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I work as a paralegal at a small law firm where I am resented by some of the other employees because the boss often compares their work to mine unfavorably. This has caused me to be seen as "the teacher's pet". My boss recently asked me to change positions from being his primary paralegal to handling another area of the practice for which he thought I was well suited. I am training the woman he hired to replace me and she constantly makes veiled sarcastic remarks to me about how "perfect" my work probably is, etc. She makes it clear that she envies my position and seems to be the type who will play hardball politics to get what she wants. How do I keep her from forming an alliance with the other employees against me?
Dear Just About Had It,
Forming alliances is one of the most common office politics behaviours. Human beings often seek the affirmation that comes with knowing "we" are not like "them." If alliances are formed within the workplace the cohesiveness of the organization is threatened and efficiency will suffer.
What you describe
is a workplace where the employer models we/they behaviour by comparing
the work of other staff to yours. The first thing I suggest as an antidote
to the forming of alliances is to alert your employer to the corrosive
impact he/she has on the working relationship within the office by comparing
the work of others to yours. Ask your boss for a private appointment
and let him/her know how much you appreciate the affirmation of your
work, but explain that it is counter-productive for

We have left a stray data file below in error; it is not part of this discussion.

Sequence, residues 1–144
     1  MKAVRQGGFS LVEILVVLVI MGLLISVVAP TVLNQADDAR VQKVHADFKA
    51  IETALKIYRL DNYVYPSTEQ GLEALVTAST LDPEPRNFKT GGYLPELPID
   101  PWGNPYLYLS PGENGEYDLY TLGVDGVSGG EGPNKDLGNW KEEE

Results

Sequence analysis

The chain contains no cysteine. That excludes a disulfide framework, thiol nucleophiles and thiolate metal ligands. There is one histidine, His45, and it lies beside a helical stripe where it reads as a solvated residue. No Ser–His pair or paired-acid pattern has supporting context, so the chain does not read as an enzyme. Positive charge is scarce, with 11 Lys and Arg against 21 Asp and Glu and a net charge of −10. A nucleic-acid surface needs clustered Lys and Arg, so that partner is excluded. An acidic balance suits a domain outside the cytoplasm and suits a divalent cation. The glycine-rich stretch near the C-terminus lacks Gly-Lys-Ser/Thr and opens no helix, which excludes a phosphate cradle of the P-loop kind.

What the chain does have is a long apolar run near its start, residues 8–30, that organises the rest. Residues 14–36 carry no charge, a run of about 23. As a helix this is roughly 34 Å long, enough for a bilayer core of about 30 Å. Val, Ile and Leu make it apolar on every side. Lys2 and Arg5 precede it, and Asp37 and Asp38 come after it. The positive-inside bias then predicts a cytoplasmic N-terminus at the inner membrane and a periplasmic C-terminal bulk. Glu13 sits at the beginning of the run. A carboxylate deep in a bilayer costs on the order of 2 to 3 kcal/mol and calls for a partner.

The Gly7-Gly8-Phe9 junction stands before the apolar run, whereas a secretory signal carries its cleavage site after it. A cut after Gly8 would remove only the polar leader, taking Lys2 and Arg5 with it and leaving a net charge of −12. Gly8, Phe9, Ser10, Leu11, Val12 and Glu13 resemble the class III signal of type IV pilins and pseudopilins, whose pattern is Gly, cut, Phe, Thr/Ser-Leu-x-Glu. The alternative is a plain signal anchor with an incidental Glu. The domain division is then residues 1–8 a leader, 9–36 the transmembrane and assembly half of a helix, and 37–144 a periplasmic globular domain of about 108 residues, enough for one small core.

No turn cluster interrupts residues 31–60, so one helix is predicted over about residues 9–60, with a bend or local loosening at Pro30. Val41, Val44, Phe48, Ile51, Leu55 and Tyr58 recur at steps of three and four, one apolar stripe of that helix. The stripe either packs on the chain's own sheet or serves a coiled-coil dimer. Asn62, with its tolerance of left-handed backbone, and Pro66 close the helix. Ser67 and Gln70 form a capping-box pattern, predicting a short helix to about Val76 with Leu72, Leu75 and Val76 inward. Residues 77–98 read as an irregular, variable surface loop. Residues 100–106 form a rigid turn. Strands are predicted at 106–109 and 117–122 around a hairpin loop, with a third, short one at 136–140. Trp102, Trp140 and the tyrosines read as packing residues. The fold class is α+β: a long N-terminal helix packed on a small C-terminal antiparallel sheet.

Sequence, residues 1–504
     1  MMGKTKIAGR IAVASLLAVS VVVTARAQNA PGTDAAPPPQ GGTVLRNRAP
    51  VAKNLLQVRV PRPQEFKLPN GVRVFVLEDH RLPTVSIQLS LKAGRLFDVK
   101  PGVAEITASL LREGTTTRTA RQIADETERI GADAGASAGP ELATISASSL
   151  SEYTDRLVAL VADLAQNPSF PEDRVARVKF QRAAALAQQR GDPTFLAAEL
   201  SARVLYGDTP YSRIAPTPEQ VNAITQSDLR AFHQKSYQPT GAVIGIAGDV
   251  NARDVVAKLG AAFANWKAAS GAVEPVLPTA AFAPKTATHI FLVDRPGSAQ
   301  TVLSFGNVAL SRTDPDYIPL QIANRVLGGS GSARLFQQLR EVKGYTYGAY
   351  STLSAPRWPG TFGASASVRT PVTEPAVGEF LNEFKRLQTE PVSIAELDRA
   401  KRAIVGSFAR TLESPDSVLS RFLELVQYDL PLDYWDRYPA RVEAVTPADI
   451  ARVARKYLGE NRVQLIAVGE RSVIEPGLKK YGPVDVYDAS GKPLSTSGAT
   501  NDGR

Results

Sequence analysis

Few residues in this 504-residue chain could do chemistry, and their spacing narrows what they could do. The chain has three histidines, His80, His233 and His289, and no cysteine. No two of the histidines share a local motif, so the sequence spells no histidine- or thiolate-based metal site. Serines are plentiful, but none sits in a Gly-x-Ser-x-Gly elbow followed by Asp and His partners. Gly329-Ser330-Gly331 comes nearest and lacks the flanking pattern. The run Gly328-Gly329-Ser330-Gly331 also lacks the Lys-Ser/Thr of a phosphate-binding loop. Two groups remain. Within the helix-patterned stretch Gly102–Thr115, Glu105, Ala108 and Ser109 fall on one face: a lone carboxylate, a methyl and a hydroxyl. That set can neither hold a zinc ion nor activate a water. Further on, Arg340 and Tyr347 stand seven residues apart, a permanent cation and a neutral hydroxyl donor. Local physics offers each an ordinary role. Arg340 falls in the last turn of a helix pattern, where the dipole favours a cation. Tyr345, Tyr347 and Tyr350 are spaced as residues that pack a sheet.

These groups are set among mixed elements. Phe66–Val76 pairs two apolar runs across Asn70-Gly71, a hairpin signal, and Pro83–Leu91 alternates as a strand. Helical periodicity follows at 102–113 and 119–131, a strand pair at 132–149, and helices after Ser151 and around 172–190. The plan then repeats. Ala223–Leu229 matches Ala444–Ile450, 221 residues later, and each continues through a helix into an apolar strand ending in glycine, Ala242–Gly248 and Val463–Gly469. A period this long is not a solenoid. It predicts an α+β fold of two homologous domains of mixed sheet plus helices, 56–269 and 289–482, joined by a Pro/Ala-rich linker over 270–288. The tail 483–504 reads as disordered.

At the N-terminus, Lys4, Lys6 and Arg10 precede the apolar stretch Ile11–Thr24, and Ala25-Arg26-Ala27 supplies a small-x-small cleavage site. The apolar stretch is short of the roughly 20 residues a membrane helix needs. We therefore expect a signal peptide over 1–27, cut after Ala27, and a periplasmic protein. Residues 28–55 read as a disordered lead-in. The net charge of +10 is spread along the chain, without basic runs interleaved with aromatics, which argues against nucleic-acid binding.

This may be a little hard for you to do, since it is ego-gratifying to hear that we are doing better work than others, but I urge you to take this step. You and your boss need to recognize that it requires planning and skill to keep an office well organized and running smoothly. Sometimes this means giving up behaviours that feel comfortable to us.
Abraham Lincoln suggested that the best way to get rid of our enemies is to turn them into friends. You fear that your successor will play "hardball" which I take it means you fear she will not work cooperatively with you. You need to build a cooperative relationship with her such that she sees that working with you will be far more to her advantage than working against you will be.
In your training of your successor if she comments on your work as perfect you should respond by affirming her capacity to do work of similar quality. Offer to make yourself available to answer questions and review her work so that she learns to do it as well as you do.
Undoing the boss's "teacher's pet" behaviour is an important first step towards building a team approach with your co-workers. The next step is to be a team player yourself, which in the beginning means you will need to be the one who goes the extra distance so that everyone sees the benefits of working cooperatively and not playing office politics.
Best of luck,
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